Well KEPT youth employees wear masks and safety vest as they help build a trail detour

Building a path for the future during a challenging time

At King County Wastewater Treatment Division (WTD), we consider it a win whenever we can partner with local agencies and organizations to accomplish a goal. In 2021, WTD’s partners at City of Bellevue Parks navigated the ongoing pandemic to create a big win for trail users and youth employment. WTD’s Coal Creek Sewer Upgrade Project…

People planting plants in a rain garden lined with mulch

WaterWorks grants $5 million to community water quality improvement projects for 2022-23

Sixty-eight projects aimed at protecting and improving regional water quality will be launched in the new year, thanks to funding through King County’s WaterWorks Grant Program. The King County Council recently passed an ordinance approving the funding. The projects include a variety of approaches, including restoring stream and riverbanks, installing rain gardens, educating students and teachers,…

Students in the Clean Water Ambassador teen intern program stand in front of a building with masks on

Wastewater education team wins award for inclusive youth employment

King County Wastewater Treatment Division (WTD) was presented with the Youth Employer of the Year Award from the Governor’s Committee on Disability Issues and Employment (GCDE) on October 26, 2021. This award recognizes employers who make efforts toward inclusion of people with disabilities in employment. In a virtual celebration, WTD staff members Kristin Covey and…

Green stormwater infrastructure & CSOs: In-depth media coverage

King County is working to control all our combined sewer overflows (CSOs) through several strategies. One way we are reducing CSOs is through natural drainage solutions, also known as green stormwater infrastructure (GSI), which use plants, trees, and soil to soak up the rain.These solutions help our neighborhoods manage stormwater naturally and on-site, and compliment…

A rain garden showing a shallow depression in the ground, with mulch, rocks, and plants

Celebrating RainWise pollution prevention milestones in the King County basin

As the days get shorter and we anticipate more rain in our forecast, we are celebrating a timely milestone—we just mailed our 1,000th RainWise rebate check in one of the eligible combined sewer overflow basins! Our utility strives to prevent pollution from entering our local waterways, and one way we are doing this is through…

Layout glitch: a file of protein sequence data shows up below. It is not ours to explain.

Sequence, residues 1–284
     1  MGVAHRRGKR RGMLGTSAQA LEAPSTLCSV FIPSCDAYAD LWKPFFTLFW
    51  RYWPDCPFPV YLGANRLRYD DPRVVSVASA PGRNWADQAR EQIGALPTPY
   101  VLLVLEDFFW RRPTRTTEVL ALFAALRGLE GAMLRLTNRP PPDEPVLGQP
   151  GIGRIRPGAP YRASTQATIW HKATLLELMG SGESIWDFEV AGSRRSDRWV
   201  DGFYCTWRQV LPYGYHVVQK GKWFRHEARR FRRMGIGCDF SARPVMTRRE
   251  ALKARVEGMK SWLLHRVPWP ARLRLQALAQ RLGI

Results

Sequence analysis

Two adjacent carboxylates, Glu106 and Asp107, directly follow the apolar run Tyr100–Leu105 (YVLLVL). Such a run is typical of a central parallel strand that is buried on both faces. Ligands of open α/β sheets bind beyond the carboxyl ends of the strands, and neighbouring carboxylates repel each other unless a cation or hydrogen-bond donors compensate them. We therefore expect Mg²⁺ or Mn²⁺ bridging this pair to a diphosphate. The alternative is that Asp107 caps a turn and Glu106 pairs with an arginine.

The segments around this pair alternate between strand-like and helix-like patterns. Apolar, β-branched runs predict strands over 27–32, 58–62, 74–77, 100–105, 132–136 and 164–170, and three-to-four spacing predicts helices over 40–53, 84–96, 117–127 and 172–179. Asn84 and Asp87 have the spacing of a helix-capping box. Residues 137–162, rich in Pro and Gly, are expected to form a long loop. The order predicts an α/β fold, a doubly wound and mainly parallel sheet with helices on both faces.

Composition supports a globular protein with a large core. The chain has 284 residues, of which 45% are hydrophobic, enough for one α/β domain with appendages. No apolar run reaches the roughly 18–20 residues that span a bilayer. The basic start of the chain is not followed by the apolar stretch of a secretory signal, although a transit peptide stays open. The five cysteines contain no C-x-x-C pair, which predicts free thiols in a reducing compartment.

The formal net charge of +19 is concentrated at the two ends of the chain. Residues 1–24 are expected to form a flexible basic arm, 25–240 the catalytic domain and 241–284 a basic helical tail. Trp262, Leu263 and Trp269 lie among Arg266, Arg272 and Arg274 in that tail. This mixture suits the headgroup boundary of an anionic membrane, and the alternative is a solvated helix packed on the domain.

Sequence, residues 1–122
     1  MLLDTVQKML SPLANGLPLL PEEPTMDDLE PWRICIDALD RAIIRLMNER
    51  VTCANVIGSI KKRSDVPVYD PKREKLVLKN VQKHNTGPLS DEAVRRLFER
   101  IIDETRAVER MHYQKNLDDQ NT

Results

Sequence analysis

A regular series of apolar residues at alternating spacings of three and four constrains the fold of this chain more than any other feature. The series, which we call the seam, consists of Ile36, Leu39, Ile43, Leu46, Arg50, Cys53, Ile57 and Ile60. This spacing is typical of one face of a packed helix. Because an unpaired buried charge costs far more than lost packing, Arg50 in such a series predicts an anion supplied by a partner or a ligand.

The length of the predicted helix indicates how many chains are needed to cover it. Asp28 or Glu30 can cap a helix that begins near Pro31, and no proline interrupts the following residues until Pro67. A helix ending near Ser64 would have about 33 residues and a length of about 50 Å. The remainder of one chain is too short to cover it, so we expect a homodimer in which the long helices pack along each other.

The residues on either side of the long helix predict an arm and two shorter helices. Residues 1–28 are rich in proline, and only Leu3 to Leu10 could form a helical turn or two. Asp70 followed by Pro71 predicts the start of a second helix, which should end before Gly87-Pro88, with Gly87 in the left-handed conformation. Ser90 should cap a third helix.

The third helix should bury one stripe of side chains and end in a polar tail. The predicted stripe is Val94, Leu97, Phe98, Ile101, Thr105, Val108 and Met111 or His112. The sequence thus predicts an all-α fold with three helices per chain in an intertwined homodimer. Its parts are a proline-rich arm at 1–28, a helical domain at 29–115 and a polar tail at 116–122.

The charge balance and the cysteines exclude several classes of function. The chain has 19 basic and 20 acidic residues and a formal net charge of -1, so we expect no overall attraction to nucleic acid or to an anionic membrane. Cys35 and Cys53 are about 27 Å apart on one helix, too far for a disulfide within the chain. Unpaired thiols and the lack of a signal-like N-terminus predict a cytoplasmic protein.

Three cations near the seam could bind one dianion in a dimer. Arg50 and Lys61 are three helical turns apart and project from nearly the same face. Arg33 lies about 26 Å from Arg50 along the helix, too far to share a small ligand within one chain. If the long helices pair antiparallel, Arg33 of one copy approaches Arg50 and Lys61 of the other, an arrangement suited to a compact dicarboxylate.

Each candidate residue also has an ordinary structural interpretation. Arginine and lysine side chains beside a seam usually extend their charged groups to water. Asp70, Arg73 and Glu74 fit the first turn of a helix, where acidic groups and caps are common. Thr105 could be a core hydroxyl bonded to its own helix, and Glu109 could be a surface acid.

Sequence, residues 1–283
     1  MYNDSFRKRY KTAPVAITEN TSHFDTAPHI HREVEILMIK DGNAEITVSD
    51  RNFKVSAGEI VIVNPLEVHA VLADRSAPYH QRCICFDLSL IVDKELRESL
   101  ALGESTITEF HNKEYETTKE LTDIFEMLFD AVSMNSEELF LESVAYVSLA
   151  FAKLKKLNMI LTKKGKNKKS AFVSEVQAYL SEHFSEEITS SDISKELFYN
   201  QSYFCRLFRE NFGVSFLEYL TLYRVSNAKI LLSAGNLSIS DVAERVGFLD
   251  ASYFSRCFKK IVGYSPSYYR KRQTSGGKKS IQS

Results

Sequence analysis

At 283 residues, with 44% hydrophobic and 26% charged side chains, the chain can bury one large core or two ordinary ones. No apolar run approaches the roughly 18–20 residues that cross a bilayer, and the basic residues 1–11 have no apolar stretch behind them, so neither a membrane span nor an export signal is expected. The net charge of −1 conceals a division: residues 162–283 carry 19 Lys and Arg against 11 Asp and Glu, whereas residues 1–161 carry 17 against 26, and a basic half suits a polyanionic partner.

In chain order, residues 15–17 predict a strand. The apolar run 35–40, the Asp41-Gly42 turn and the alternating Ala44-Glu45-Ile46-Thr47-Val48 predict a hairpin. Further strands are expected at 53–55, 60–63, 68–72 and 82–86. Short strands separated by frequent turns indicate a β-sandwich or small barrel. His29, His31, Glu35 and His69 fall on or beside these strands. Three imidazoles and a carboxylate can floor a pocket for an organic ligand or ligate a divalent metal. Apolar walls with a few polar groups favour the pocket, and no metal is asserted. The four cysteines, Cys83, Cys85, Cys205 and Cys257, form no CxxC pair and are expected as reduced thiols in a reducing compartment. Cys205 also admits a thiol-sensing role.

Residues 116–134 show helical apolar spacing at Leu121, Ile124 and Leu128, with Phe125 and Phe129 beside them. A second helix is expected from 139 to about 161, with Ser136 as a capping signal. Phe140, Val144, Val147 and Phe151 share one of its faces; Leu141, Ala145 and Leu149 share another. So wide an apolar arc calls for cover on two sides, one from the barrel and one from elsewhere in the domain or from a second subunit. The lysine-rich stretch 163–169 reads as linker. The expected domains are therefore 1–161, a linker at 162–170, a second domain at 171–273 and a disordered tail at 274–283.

Banner with a photo of Lake WA and Mt Rainier and text that says construction in Mercer Island & Bellevue to start early 2022

Major construction in Mercer Island & Bellevue to start early next year

Our relationship to water is what makes this region special.  King County is a partner in this relationship. Regional wastewater treatment plays a key role in keeping our rivers, lakes, streams, and the Puget Sound clean for people and aquatic life. We manage a big regional wastewater system that needs regular inspection, maintenance, and upgrades…

Interns discussing environmental monitoring at Mini Mart City

Clean Water Interns & Accessibility

Since 2016, our utility’s education team has partnered with the Mountains to Sound Greenway Trust to lead the Clean Water Ambassador youth internship program. This summer the program returned as a hybrid experience, online learning mixed with in-person field trips, to learn about water systems, sustainability, watershed ecology, climate change and ways to take action…

Green roof at Sunset Pump Station

Making projects sustainable, resilient, and equitable

King County’s Wastewater Treatment Division (WTD) is being recognized for its commitment to sustainable communities and the environment. WTD’s Sunset / Heathfield Pump Stations and force main upgrade project was awarded an Envision® Silver Award this month for project sustainability. This is the second Envision-certified project for the region’s wastewater utility. In 2018, King County’s…

Savannah sparrows depend on healthy grasslands and meadows for food and places to raise their young.

Brightwater’s meadows grow greener

The Brightwater Trails area in Woodinville has been popular for families, dog walkers, birders, and runners since it opened. Three miles of trails have connected people to nature and art for over 10 years. This year, the trails provided a welcome breath of fresh air for people looking to get some socially distanced exercise outside.…